“And the spread of political correctness, in turn, historically coincides with the ‘financialization’ of the economy….[Trump] consolidate[s] the social groups that have suffered under the dictatorship of political correctness”—that is to say, straight white men, cast here as working-class victims with justified grievances against “multiculturalism and political correctness….Trump’s propaganda is effective, not because, as intellectuals believe, it resonates with the feelings and prejudices of the people, but because it reflects their real interests….he consolidates the voices of millions of white (though not just white) working people, who are fed up with political correctness.”

One wonders how Platypus could fail to recognize that the article sounds exactly like a paid publicist’s weak excuses to sell his product: “Building the wall would create hundreds of thousands of jobs, not only in the U.S. but also on the opposite side of the border….Trump’s statement that Mexico will finance the wall is not hair-brained [sic] either.”

Even “Trump’s offensive remarks about women” become a positive: “[W]ould these women vote for him even if Donald showed more tact?…[D]espite these statements (or possibly even because of them), bully Trump is gaining a reputation as a ‘real man,’ rough, but sincere, whom you can rely on and be attracted to, if you are not highly educated.”

After Trump’s inauguration, Kagarlitsky continued to defend Trump and smear left protests against him.[4]

But what are we to expect from the Platypus Society, whose leader Chris Cutrone wrote last year:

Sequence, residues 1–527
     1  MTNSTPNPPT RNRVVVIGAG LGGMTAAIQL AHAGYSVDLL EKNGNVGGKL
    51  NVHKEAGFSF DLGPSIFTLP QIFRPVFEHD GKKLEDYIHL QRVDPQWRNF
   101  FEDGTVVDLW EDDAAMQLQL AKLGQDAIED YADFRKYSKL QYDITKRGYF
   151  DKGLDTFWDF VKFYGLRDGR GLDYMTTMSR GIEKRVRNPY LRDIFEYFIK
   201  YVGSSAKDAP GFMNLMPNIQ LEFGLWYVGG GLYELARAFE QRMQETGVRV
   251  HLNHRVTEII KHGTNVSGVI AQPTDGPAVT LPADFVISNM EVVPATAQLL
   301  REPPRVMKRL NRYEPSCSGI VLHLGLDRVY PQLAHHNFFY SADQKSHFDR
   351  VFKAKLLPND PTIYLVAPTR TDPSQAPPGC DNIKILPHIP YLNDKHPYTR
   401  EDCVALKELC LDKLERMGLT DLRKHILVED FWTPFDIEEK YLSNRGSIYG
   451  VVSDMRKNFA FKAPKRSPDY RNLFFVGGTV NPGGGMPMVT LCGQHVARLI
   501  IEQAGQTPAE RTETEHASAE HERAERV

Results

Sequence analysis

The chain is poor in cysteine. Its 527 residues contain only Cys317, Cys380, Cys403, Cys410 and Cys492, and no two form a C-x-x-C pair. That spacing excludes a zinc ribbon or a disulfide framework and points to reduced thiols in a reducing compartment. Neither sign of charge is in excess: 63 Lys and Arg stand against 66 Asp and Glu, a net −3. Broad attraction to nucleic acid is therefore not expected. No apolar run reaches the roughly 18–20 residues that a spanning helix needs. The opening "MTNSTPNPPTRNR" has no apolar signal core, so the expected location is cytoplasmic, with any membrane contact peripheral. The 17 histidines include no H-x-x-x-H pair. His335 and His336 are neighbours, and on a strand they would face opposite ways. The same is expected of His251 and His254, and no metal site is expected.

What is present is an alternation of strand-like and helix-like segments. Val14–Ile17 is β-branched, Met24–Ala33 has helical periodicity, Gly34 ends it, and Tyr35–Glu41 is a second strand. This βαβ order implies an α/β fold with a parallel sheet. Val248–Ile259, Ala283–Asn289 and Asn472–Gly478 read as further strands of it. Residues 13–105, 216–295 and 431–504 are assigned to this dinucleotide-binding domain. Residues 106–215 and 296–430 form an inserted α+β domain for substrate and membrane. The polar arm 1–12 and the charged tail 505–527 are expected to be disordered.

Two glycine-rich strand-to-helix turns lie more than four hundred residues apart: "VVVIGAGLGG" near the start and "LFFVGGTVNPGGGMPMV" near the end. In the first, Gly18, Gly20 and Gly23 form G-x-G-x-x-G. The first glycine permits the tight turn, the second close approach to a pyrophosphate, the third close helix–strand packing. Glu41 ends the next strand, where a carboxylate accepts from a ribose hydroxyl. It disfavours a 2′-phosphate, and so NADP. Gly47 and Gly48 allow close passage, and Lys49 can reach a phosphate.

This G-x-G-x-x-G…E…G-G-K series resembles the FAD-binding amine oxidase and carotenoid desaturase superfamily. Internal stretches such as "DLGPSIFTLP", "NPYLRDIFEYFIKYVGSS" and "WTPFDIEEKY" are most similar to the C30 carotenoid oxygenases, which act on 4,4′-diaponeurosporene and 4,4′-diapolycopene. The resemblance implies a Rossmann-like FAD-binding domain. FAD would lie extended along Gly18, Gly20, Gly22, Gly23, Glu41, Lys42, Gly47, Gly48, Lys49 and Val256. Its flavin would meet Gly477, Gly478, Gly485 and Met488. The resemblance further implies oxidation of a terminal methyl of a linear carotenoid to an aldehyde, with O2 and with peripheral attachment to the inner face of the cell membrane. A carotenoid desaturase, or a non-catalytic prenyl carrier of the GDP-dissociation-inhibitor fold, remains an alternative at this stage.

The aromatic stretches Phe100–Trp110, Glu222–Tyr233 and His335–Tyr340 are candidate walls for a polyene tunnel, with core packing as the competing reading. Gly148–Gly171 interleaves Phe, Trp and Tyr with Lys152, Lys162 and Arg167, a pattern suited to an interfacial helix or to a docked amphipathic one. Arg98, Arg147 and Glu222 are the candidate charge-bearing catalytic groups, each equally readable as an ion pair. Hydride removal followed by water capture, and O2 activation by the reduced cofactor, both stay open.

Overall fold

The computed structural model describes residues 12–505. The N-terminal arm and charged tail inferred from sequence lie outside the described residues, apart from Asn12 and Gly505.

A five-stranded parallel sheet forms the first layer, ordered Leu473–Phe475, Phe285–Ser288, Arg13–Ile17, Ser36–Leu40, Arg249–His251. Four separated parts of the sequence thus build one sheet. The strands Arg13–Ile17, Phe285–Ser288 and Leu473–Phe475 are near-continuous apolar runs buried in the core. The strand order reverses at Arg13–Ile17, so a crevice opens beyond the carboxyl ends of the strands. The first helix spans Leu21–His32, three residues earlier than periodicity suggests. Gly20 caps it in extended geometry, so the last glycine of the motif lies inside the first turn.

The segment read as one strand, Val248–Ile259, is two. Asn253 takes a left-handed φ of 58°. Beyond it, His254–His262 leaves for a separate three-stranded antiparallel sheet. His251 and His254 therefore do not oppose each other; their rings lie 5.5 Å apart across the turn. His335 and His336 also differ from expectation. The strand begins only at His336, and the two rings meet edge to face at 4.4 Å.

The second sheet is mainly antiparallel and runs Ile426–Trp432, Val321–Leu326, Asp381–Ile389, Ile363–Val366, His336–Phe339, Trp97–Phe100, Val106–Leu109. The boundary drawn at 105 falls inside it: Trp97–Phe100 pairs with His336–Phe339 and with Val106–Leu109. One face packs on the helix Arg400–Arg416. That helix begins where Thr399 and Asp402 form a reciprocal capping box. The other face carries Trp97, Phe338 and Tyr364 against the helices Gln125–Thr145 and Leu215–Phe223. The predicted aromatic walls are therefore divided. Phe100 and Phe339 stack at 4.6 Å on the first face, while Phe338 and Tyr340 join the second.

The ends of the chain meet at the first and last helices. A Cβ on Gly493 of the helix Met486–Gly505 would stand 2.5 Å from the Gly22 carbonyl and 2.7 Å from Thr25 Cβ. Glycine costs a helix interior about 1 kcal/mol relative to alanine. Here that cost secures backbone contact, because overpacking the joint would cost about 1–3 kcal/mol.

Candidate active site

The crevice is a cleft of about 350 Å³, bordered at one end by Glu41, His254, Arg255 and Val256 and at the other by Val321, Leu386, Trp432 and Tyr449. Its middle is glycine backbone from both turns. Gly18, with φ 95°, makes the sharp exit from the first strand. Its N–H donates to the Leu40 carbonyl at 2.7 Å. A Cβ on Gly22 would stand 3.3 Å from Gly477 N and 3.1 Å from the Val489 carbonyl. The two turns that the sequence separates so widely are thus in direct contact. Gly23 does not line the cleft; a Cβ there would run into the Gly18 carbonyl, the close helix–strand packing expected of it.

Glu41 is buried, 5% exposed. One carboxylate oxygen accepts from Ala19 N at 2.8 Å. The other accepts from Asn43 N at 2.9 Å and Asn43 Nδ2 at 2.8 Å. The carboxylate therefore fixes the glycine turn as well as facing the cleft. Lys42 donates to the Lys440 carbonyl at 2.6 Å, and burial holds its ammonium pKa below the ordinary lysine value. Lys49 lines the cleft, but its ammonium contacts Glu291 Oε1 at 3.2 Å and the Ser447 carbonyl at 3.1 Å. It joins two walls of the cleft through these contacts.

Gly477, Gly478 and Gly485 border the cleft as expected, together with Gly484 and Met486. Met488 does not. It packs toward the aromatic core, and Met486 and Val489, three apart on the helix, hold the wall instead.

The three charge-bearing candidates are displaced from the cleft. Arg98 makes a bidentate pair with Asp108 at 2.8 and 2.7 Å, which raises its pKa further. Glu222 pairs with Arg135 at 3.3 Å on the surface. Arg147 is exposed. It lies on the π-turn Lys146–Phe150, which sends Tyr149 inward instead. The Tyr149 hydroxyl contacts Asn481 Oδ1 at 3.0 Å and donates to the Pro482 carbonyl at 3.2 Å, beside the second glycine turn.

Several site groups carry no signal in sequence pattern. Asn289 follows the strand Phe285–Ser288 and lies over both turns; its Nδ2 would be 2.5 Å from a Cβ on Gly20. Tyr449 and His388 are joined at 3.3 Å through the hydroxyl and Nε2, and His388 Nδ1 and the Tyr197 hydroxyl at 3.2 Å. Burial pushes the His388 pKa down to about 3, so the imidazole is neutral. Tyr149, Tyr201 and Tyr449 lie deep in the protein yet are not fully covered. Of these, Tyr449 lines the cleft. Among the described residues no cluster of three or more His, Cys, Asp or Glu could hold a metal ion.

“Trump promises to govern ‘for everyone’….There is no reason not to believe him. Everything Trump calls for exists already….Why not Trump? For which the only answer is: To preserve the status quo. Not against ‘worse’—that might be beyond any U.S. President’s control anyway—but simply for things as they already are. We should not accept that.”[5]

It is clear by now how wrong the pundits were in believing that “America First” rhetoric meant any decrease in military intervention abroad. On the contrary, it has turned foreign relations in an increasingly military direction; stepped up military activity in Yemen, Syria, Iraq, Somalia and Afghanistan; and issued threats to Iran, North Korea, China and even Mexico.

Continued in Part II. The capital relation

[1] “Morning Joe” host Mika Brzezinski reported that Trump told her last December, “Let it be an arms race. We will outmatch them at every pass and outlast them all.”

[2] Hegel, The Phenomenology of Mind (Harper & Row, 1967), pp. 540, 541, 543.

[3] Platypus Review #88, July-Aug. 2016.

[4]The Choices for the Left in the Age of Trump,” Counterpunch, Feb. 7, 2017. Counterpunch is popular on the Left despite, or because of, its truckloads of absurd propaganda, including deniers of the Holocaust and of the Bosnian genocide.

[5]Why Not Trump?” Platypus Review #89, Sept. 2016.